DEATH VALLEY NATIONAL PARK
Some say to skip Death Valley, but I beg to differ. After being in the different landscapes of California and Nevada, Death Valley was pretty amazing. There were times that were literally jaw dropping, awesome, eerie, and exciting. It was definitely worth the stop on the way to Vegas.
Where we stayed: Amargosa Opera House and Hotel
When I was initially trying to book a place, I found that there were few nearby options. Furnace Creek was centrally located, but out of my budget for just a place to rest our heads in between stops. I had found an Air BnB which was cute, but the owner stated that there was no running water. I read reviews of the Amargosa Hotel which all stated that the place was no frills and a bit creepy but in a cool way. I thought it’d be interesting for a stay. Two of us fell head over heels in LOVE with the place as it is rich in history and super interesting in many ways. Do take some time to read about the late owner Marta Becket and do the $5 Opera House tour. If you are into the arts, you will really appreciate it. I was so happy I chose this place for the night.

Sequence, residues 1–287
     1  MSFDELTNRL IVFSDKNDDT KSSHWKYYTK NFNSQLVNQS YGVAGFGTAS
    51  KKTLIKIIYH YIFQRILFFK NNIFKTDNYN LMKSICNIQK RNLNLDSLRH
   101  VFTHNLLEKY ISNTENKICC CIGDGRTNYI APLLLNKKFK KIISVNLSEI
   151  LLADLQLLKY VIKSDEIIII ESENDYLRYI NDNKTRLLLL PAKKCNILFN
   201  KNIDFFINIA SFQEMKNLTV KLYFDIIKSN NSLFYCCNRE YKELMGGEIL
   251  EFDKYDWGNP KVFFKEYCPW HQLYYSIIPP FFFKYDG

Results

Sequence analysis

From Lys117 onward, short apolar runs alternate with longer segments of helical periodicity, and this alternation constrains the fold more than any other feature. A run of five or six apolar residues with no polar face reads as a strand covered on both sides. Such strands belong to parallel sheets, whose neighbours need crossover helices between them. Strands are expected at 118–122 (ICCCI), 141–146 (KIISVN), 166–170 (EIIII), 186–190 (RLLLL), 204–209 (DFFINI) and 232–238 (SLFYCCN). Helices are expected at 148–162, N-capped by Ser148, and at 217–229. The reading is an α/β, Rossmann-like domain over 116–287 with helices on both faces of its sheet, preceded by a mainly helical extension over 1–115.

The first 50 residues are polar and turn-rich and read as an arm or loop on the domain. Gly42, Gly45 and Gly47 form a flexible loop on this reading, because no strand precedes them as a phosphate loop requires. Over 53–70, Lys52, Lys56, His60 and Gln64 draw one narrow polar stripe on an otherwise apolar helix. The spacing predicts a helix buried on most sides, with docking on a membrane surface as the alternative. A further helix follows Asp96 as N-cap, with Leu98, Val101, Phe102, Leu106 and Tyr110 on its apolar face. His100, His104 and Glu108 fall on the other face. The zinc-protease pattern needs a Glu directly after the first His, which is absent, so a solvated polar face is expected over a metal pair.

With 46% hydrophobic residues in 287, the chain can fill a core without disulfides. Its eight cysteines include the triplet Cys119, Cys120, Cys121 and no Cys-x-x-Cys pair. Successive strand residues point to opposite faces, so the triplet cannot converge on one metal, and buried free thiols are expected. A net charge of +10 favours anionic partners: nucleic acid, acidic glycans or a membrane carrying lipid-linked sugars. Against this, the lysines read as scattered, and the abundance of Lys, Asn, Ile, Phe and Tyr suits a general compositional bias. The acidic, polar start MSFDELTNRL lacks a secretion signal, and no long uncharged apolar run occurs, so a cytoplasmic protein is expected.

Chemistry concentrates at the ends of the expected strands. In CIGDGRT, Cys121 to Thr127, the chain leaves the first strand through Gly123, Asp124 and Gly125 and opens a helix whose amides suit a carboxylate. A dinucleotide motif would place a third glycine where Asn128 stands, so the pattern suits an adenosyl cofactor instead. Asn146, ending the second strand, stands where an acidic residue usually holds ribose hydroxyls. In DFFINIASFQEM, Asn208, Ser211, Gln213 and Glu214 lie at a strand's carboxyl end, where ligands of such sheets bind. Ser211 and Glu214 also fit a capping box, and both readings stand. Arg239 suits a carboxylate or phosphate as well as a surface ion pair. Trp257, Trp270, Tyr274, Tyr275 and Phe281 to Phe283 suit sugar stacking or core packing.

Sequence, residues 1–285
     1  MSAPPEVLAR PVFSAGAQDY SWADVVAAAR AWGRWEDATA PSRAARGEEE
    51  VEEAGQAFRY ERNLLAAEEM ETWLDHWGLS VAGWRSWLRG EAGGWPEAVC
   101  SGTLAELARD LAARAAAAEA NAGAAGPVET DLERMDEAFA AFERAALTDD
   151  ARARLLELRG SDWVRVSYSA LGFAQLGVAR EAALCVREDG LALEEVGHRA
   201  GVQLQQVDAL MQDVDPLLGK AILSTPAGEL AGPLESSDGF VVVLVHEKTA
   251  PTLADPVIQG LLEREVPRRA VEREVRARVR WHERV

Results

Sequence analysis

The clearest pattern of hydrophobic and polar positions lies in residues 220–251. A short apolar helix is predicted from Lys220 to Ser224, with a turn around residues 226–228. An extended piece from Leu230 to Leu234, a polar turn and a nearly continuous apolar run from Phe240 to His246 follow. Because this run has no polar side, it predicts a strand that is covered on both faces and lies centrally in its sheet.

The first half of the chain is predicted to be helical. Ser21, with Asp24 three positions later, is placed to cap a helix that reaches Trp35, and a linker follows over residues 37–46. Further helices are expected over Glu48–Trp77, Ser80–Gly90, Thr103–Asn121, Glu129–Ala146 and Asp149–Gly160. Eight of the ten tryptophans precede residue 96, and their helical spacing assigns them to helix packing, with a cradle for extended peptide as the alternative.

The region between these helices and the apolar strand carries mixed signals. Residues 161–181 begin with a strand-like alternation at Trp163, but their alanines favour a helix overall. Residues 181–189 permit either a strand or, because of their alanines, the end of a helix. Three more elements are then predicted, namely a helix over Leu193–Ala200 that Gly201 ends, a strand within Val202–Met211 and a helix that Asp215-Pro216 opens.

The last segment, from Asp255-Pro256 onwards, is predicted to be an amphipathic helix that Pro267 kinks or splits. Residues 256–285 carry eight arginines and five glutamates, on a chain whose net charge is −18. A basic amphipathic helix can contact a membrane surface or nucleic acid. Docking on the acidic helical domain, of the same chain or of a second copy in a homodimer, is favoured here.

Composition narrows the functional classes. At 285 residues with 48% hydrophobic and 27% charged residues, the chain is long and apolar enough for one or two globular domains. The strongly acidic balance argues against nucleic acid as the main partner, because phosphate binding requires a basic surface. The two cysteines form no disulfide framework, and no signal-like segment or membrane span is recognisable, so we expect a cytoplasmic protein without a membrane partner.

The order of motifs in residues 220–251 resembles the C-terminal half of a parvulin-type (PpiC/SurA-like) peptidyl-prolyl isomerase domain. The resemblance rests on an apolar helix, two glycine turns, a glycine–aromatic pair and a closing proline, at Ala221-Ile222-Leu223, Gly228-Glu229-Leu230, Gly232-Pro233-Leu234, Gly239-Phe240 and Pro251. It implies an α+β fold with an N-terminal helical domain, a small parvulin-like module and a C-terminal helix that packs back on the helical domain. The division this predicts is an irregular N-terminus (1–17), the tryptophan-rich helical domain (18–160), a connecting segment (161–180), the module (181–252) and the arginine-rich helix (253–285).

Where we ate:
Corkscrew Saloon: Nothing special, but it was food. Food was hard to come by, well.. really, there was nothing else around for miles, and we were STARVING!! We enjoyed some cold beers, wine, and chicken fingers.
Amargosa Cafe: LOOOVVEEEE this place! From the outside I thought it would be a little hole in the wall joint, but on the inside it felt like a curated hipster cafe in Brooklyn. The food is (almost) all locally sourced and super fresh.
What we saw:
Originally, google maps had mapped out a path to our hotel first, but during the trip, good old google maps took us through the park instead, so we ended up stopping to see some things farther from the hotel before we checked in. Since we were four hours behind in our journey of the day, we weren’t able to see all the sites on my wishlist, but we did intentionally skip some of the less spectacular things due to time constraints. These were well worth the visit.
– Zabriskie Point
– Mesquite Flat Sand Dunes
– Badwater Basin
Things we skipped, mostly due to time:
Ubehebe Crater (too far), Mosaic Canyon Trail (too hot for a hike, plus the guy at the gift shop said to see the other sites first), Artist’s Palette, Golden Canyon, Sidewinder Canyon.
I’ve been to Vegas plenty of times, so there isn’t much to write about that hasn’t already been explored. I dropped off my crew at the hotel on the strip and dropped the rental back at the airport 20ish minutes away, then returned to the strip for the usual sins.